Scaling up interventions: What’s the evidence it will work?
This project set out to provide the evidence that will help policy makers decide whether programs are scalable, that is, that they will work, be widely adopted, be acceptable, and be cost effective when rolled out at state or national level. Read the Findings Brief PDF to learn about the project's key findings and the relevance for policy.
- To improve health at a population level, public health interventions that have been found to be effective in selected samples need to be ‘scaled up’ and implemented more widely.
- Scaling up complex public health interventions is costly. It is important to be sure there is evidence the programs will work at scale before such an investment is made. There is evidence for how to scale up programs successfully, but it is unclear whether this advice is followed in public health.
- We conducted an international literature review of 40 public health programs in high-income countries that have been scaled up or implemented at scale.
- We mapped the programs against the four steps that represent best practice in building the evidence base for scalability: development, efficacy testing, real-world trial and dissemination.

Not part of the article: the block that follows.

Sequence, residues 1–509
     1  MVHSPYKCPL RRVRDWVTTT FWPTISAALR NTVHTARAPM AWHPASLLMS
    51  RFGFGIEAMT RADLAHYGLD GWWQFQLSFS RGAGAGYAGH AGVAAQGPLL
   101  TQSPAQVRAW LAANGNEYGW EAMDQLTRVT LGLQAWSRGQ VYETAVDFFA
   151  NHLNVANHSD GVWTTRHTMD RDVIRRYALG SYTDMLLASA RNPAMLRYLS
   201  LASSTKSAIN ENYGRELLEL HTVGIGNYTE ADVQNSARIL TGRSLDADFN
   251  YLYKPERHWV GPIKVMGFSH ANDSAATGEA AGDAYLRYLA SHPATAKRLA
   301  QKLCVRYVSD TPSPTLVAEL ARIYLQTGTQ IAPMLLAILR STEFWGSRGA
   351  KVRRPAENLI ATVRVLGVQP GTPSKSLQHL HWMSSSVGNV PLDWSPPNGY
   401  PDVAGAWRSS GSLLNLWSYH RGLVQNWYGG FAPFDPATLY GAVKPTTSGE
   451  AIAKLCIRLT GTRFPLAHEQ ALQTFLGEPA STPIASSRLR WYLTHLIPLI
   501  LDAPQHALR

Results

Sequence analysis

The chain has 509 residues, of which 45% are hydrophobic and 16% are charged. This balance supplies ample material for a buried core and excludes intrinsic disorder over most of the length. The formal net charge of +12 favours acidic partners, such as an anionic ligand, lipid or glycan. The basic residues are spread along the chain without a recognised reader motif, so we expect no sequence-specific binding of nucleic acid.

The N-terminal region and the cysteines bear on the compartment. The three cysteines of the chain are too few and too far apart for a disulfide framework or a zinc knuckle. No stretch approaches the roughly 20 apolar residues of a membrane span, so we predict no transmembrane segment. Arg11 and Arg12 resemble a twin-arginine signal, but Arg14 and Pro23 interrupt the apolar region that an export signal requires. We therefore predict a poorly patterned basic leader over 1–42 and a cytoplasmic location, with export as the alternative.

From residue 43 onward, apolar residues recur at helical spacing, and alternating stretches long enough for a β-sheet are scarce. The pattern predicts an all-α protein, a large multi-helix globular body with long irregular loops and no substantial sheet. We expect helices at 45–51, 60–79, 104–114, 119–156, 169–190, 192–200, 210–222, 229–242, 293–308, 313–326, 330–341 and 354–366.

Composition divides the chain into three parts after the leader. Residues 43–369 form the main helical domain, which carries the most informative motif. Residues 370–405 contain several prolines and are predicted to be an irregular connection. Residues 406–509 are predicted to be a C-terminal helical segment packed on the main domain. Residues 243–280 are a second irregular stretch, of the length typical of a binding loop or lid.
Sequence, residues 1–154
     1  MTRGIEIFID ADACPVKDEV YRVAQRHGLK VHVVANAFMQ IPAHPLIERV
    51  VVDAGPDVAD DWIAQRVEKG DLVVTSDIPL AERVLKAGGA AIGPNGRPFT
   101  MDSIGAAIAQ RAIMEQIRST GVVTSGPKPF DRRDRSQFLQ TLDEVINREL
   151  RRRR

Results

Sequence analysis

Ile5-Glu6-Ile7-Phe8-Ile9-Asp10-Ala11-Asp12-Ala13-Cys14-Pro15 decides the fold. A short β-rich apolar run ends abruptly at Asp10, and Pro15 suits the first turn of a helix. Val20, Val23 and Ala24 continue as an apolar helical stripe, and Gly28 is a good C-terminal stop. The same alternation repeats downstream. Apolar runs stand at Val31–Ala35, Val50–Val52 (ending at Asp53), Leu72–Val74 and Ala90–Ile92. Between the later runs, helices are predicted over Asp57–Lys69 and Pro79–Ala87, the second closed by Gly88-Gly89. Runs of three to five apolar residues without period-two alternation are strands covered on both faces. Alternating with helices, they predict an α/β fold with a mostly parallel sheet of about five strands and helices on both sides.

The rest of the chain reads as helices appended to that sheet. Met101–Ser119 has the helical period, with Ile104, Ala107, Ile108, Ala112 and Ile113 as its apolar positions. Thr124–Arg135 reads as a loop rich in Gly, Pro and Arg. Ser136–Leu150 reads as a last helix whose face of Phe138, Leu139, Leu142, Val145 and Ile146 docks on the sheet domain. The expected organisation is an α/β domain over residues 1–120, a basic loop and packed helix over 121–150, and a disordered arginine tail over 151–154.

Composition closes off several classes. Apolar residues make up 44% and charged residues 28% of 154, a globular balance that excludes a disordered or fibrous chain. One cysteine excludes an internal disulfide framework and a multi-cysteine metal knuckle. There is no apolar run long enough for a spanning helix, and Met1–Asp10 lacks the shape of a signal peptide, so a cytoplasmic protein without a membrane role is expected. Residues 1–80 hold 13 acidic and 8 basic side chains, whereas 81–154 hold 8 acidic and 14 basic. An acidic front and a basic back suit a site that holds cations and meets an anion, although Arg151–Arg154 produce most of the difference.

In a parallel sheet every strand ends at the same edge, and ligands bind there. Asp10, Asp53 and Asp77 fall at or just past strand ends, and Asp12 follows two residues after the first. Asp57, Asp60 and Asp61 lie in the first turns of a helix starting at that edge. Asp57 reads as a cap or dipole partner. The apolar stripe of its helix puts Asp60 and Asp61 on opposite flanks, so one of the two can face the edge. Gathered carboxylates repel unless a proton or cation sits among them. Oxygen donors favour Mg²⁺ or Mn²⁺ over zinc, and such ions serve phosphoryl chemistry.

- There are varied trajectories in how public health programs achieve widespread dissemination, and these do not necessarily follow recommended evidence-based practice.
- Almost half (45%) of the programs we studied did not follow the four best practice steps. Some programs went directly from the development stage to population-wide dissemination, without efficacy testing or a real-world trial.
- Many programs internationally had been rolled out without having the evidence in place to indicate they would work at scale.
- Policy makers and practitioners should assess the evidence trail for interventions they are considering scaling up.